Skip to main content

“If you consider DNA to be a form of ID, and the Supreme Court has already upheld state laws that allow officers to stop someone and ask for their ID, then this is the logical next step.”

Washington, D.C. - The FBI will begin to collect the DNA profiles of individuals at an increased rate to add to the feds massive new biometric database called the Next Generation Identification (NGI) program.

What began as a national fingerprint system for people accused or convicted of committing a crime has morphed into a broad based biometric database that is designed to identify individuals through use of facial recognition, iris matching, tattoo recognition, as well as voice analysis and other unique traits of individuals, some of whom have never even been accused of a crime.

The FBI will hold a presentation for developers of rapid portable DNA analysis devices regarding its new NGI biometric database on November 13th.

Integration of these new devices into the NGI system will allow for officers in the field to analyze individuals complete DNA profile in less than 90 minutes and then upload the DNA profile to the NGI system.

The implications of this system are far reaching and could potentially lead to the creation of a nationwide database that contains the DNA profiles of any and all Americans, even those never convicted of committing a crime.

The U.S. Supreme court ruled in 2013, that,

“When officers make an arrest supported by probable cause to hold for a serious offense and bring the suspect to the station to be detained in custody, taking and analyzing a cheek swab of the arrestee’s DNA is, like fingerprinting and photographing, a legitimate police booking procedure that is reasonable under the Fourth Amendment.”

This means that any time a person is arrested, the state has the right to take an individuals DNA. The problem stems from the fact that an arrest doesn’t make someone a criminal, as there is supposed to be a presumption of innocence until found guilty in a court of law.

This new system will streamline the process so that law enforcement can simply arrest and extract the most sacred thing you own as a human, your DNA, and the system will then upload your complete DNA profile to the NGI database.

Scroll to Continue

Recommended for You

Since 2013, senior attorney for the Electronic Frontier Foundation, Jennifer Lynch, has been sounding the alarm regarding the potential privacy deconstruction using these portable, rapid DNA analyzers saying,

“If you leave something behind, let’s say your trash on the sidewalk out in front of your house, then you’ve abandoned any kind of privacy interest in the trash, and so the cops can search through that trash without a warrant. That reasoning has been extended to DNA — if you leave your DNA behind, then the cops could get it without a warrant and test it." according to NextGov.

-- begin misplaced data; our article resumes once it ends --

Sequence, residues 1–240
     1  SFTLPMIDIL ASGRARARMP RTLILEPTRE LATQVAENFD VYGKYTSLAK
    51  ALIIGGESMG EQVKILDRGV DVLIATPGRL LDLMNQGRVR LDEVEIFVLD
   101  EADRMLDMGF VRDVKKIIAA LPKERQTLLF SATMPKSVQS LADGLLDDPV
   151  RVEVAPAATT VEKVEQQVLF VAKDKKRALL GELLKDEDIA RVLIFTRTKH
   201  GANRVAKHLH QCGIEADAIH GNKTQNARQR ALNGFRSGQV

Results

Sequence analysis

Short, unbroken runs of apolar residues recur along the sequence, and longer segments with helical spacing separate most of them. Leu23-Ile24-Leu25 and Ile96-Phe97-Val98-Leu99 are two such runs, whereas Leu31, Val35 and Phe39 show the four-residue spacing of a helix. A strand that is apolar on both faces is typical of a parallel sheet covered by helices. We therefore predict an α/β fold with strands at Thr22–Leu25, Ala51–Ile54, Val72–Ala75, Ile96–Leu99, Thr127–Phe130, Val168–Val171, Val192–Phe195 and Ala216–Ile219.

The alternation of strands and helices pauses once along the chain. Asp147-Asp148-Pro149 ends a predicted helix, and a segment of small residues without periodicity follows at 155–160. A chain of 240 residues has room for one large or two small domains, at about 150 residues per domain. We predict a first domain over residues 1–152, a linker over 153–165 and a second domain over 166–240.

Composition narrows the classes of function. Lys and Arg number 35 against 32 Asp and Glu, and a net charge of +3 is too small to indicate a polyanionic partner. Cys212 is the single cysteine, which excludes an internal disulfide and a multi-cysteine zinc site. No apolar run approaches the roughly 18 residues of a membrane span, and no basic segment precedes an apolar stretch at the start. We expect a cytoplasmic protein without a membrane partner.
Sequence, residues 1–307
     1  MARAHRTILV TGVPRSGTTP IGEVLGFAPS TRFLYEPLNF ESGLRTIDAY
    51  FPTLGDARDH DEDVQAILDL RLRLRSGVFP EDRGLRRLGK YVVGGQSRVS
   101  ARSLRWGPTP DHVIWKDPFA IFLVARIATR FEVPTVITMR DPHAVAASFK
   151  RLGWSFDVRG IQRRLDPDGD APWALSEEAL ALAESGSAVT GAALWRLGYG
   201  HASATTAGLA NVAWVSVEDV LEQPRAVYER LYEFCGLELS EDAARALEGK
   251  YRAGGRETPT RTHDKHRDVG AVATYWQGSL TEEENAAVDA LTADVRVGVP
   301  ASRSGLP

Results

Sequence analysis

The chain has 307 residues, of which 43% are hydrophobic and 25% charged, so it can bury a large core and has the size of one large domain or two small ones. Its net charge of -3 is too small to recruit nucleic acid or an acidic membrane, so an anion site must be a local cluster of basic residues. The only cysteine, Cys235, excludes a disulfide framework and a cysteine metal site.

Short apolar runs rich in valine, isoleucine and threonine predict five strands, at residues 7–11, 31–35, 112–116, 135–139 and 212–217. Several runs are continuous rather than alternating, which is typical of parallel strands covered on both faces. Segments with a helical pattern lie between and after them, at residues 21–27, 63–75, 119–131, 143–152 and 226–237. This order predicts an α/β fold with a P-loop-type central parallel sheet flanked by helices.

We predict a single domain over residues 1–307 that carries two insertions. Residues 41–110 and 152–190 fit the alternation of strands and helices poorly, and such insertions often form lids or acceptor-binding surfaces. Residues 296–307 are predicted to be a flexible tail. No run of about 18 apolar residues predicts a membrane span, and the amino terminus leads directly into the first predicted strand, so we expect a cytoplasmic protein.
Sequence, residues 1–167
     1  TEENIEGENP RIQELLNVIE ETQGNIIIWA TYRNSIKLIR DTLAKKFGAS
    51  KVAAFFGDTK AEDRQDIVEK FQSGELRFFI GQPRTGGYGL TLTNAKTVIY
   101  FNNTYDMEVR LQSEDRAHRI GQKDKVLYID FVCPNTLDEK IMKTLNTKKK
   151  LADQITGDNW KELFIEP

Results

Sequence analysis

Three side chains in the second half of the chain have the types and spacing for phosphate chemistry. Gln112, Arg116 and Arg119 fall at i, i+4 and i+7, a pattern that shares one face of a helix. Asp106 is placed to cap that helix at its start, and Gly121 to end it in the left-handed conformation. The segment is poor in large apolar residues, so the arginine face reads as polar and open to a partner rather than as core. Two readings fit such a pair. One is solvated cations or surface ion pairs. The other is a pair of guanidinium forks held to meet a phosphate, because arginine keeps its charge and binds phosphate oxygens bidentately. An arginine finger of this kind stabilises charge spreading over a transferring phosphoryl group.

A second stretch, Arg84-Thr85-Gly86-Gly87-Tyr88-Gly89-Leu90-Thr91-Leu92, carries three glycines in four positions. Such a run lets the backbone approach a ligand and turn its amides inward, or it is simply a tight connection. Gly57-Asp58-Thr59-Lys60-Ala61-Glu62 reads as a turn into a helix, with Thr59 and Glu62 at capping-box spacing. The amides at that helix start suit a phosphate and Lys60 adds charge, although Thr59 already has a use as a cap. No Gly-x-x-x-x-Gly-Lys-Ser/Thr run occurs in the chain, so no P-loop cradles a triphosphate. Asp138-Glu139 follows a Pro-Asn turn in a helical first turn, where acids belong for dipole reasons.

In a frightening view of an Orwellian future, she puts forth the idea that a nationwide DNA system using rapid DNA analysis could become the standard form of identification, saying,

“If you consider DNA to be a form of ID, and the Supreme Court has already upheld state laws that allow officers to stop someone and ask for their ID, then this is the logical next step.”

Can you fathom being stopped but rather than being asked to present identification, being forced to provide a DNA sample as a means of identification?

Although the FBI claims it would not take DNA samples unlawfully, the NGI database has already procured biometric details, such as facial recognition data, from background checks of people attempting to purchase firearms and during the hiring process for jobs with government agencies.

Does anyone really believe the feds claims regarding this new technology in light of their previous track record?

Lynch went on to say,

“Your DNA data could be linked to all the other biometric and biographic information about you that is already in NGI. Because we discard DNA wherever we go, this allows the government the ability to further surveil people without their knowledge."

The potential for this technology to be utilized by law enforcement in ways that abuse the rights of law abiding citizens is clear. It seems that this is just another step along the path to a truly Orwellian future.

Jay Syrmopoulos is an investigative journalist, freethinker, researcher, and ardent opponent of authoritarianism. He is currently a graduate student at University of Denver pursuing a masters in Global Affairs. Jay's work has previously been published on and You can follow him on Twitter @sirmetropolis and on Facebook at Sir Metropolis.